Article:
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New Bainbridge police chief takes oath of office
“It is a privilege to come to city hall this evening,” Bainbridge Municipal Court Judge Kathyrn Carruthers began, “for a public swearing that is neither inconsiderate, illegal or unwelcome.”
And to a burst of laughter from the audience, that is how Judge Carruthers opened the swearing-in ceremony for Bainbridge’s new chief of police, Matthew J. Hamner.
Amid a crowd of police officers, city workers, family and well-wishers, Hamner took the oath of office Thursday, June 20, to become the island’s next top law enforcer.
He takes over a department that has been plagued for the past year and a half by resignations, lawsuits, internal investigations and low morale.
Hamner, who comes to the island with a 23-year career with the Indianapolis Metropolitan Police Department, will now fill the shoes of former chief of police Jon Fehlman, who resigned last fall after an external investigation into alleged misdeeds. The department has also been faced with the resignation of Commander Sue Schultz, who left after a sex-discrimination complaint against her turned up empty; a $1 million settlement for the fatal shooting of a mentally ill man by the police; and continued discord among officers.
Despite the challenges he faced, Hamner was eager to become a member of the Bainbridge community and soon became a top contender in the competitive selection, which attracted approximately 60 applicants.
“The search process was extremely competitive, and we had numerous outstanding candidates,” City Manager Doug Schulze told the audience before the oath was administered.
“Matthew was identified early in the process as one of my top candidates,” he said.
But the city manager wasn’t the only one impressed with Hamner’s performance.
“I was sitting at home one evening going through the online interviews,” Schulze related. “My wife was working in another room. Less than five minutes into the interview that Matthew did, my wife came in to the room and said ‘That guy sounds like he’d be a great chief.’”
On Thursday night, Hamner offered his gratitude.
“First of all, I’d like to thank Doug’s wife,” he said, to another round of laughter.
“That’s me,” he continued. “I like having a good time. I think that life is something that we treasure and enjoy, every minute, whether we're working or playing or whatever we are doing.”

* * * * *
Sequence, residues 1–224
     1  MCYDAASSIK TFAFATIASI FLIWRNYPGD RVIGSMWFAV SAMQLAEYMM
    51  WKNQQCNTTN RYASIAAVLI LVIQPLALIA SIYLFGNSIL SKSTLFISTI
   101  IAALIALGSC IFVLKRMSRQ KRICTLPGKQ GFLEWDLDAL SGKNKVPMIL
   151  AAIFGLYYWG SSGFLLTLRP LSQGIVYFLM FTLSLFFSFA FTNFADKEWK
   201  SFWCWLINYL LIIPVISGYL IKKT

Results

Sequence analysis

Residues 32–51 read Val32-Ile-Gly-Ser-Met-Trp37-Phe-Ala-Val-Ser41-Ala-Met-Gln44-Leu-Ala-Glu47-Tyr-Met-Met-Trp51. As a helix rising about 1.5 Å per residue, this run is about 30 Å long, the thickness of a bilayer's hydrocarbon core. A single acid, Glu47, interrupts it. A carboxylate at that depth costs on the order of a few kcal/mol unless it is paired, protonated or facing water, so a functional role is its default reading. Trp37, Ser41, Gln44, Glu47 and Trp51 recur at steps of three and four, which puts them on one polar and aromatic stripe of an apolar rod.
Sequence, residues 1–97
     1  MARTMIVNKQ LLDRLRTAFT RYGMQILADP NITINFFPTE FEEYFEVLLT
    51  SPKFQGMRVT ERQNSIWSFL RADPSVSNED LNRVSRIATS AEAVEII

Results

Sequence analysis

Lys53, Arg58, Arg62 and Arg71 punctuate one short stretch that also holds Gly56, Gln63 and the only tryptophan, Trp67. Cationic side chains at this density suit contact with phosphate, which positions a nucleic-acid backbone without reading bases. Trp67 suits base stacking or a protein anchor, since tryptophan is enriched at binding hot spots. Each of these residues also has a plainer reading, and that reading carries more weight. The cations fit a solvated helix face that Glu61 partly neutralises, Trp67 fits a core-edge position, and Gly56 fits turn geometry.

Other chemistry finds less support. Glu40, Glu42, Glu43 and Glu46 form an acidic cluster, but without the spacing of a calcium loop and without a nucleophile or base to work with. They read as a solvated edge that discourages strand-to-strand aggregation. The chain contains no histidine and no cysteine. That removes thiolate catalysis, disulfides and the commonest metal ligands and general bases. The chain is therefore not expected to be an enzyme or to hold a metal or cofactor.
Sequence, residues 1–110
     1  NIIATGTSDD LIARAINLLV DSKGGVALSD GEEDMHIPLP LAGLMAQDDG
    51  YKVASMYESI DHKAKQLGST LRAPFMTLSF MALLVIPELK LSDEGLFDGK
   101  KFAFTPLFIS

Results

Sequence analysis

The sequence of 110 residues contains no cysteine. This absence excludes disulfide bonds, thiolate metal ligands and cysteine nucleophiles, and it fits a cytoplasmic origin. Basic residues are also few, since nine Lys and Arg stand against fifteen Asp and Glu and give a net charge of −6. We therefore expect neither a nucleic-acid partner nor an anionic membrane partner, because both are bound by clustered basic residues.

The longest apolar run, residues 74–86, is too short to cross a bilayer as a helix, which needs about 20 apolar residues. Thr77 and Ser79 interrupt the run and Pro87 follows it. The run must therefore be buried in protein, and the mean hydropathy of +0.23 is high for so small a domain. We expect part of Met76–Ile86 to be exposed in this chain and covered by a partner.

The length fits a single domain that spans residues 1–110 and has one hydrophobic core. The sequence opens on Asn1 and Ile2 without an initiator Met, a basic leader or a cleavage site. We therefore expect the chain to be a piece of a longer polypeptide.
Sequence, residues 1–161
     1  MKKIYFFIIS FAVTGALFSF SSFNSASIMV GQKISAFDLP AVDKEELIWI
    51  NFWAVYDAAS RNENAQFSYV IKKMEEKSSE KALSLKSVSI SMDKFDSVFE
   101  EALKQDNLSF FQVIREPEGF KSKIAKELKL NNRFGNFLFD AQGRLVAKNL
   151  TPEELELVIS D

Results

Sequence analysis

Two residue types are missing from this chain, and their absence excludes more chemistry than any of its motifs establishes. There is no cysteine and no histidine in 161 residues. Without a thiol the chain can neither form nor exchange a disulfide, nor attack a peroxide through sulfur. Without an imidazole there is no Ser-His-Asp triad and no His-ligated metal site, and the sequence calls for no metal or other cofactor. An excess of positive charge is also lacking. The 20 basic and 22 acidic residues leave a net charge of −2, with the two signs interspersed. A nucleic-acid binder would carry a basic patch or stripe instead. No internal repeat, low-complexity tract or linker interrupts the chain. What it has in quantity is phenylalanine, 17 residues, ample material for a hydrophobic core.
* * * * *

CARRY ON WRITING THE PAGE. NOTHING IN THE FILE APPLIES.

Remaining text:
Hamner went on to thank the city manager, the council and “every single citizen on Bainbridge Island.”
“I know that you have put your faith in your elected officials, and that trickles down to who they pick as chief,” he said. “And so I, as your chief … promise to serve you to the best of my ability.”
And that is just what Hamner swore to do Thursday night.
“Oaths of office have been a precedent to holding civil and military offices of the United States since the founding of our country,” Carruthers said.
“The words contained in each oath are not casual or mere verbiage. The oath embodies the standards and values to which the public official aspires," seh said. "Oaths are best taken in the public arena, for the community bears witness to the oath, thereby affirming the standards and values contained in it.”
The emotional import of the occasion caused Hamner to pause to collect himself at two points in his address, but he went on to share a favorite poem with the audience, Rudyard Kipling’s “If.”
“He says in there to treat success and failure, two imposters, with the same standard and never forget that. So I entreat that today as our good days, like today — and it is a good day for my family and I,” Hamner said.
“But I know those imposters both have success and failure, never to take either one very seriously but to learn from them and do the best we can,” he continued. “So with that, I just want to thank you for the confidence that you have put in me to do this job and my commitment to you is to do the very best job that I can do so that you are satisfied with the service you get from the police chief and the police department,” Hamner said.
"The residents of this community have been absolutely the most welcoming, friendly kind," he added. "I keep waiting to wake up and find something bad and it hasn’t happened yet so maybe I am in an oasis.”